# All posts by Scott Steketee

Scott Steketee taught secondary math and computer science in Philadelphia for 18 years and received the district's Teacher of Excellence award. Since 1992 he has worked on Sketchpad software, curriculum, and professional development for Key Curriculum Press and KCP Technologies. He also teaches Secondary Math Methods in the graduate teacher education program at the University of Pennsylvania.

# Starting with Sketchpad Activities on Day One in High School

In my previous two posts, I listed some of the new Dynamic Number project activities (for grades 2-5 and grades 5-8) that engage students in manipulating and investigating dynamic mathematical objects from day … Continue Reading ››

In the Dynamic Number project, one of our goals has been to create activities in which students actually experience mathematical objects by creating them, manipulating them, and investigating them. (George Lakoff and Rafael Núñez describe, in Where Mathematics Comes From, how students' abstract mathematical concepts are grounded in … Continue Reading ››

As an 18-year veteran teacher in Philadelphia public schools, my initial reaction when I first saw Sketchpad was “This would have completely changed the way I taught geometry.” I phrase it differently today: “This would have completely changed the way students experience mathematics.” a perspective that differs in two important details. First, I now understand that the … Continue Reading ››

# Polar Graphing

After writing yesterday's post on the connections between polar and Cartesian graphs, I realized that I hadn't said anything about how easy it is to start from scratch and create a polar graph in Sketchpad, so I decided to write this post, and include an instructional video. Here are … Continue Reading ››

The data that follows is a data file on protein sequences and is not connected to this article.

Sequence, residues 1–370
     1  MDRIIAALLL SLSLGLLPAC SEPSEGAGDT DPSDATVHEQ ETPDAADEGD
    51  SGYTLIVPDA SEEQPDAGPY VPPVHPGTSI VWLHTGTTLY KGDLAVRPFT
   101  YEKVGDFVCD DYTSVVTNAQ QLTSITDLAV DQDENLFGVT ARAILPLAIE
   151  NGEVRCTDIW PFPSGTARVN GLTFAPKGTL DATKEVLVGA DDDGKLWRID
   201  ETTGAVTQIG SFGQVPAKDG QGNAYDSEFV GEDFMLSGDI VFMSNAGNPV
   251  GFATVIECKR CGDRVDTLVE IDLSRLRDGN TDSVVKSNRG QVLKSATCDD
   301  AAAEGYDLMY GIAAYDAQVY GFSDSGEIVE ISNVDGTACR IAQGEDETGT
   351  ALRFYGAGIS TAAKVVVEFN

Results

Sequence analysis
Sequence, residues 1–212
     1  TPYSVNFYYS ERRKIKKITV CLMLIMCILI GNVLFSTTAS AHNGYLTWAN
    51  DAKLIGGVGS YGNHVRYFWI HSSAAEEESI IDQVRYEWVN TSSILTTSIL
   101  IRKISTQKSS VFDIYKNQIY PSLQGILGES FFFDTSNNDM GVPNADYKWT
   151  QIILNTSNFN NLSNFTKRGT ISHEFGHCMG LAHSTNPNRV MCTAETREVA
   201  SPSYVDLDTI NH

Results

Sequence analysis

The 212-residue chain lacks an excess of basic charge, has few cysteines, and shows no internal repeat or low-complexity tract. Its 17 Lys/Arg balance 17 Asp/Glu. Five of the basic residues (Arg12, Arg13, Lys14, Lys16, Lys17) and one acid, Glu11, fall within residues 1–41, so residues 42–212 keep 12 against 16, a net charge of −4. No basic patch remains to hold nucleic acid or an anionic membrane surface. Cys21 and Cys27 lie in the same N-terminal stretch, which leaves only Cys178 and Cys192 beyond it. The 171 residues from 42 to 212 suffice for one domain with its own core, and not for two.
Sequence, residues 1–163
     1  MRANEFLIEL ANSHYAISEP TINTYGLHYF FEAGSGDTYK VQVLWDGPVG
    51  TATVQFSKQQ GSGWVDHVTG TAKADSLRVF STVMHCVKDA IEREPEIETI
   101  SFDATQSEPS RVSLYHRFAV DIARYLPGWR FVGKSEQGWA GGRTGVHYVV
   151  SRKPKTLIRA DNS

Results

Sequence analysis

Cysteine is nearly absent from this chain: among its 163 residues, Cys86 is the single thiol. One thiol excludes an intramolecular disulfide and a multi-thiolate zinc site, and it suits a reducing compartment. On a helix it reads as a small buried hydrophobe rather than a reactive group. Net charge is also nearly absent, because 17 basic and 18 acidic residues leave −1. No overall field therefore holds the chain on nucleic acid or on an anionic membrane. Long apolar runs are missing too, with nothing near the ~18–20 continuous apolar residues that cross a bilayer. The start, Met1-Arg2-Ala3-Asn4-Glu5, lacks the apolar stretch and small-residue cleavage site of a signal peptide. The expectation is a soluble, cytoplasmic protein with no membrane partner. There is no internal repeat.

# Cartesian and Polar Graphs

The May 2013 Mathematics Teacher has an excellent article by Jonathan F. Lawes ("Graphing Polar Curves") on the value of plotting the same function in both polar and rectangular coordinates. Doing so not only helps students understand how polar coordinates work, but also gives them a novel and revealing … Continue Reading ››

Last week was the fourth session of my spring Advanced Secondary Math Methods class at the University of Pennsylvania. Each year I assign a semester project in which groups of three students use lesson-study techniques—on a small scale—to create, test, refine, teach, evaluate, and document specific shared instructional products, composed of a (possibly multi-day) lesson … Continue Reading ››

# ICME: The Nature of Students’ Mathematical Thinking

Like other enthusiasts of mathematics, I’m captivated by the way that mathematical ideas can explain things in the physical world around me, and by the way that I can carry out mathematical thought experiments in my mind and then apply the results to control my external physical environment.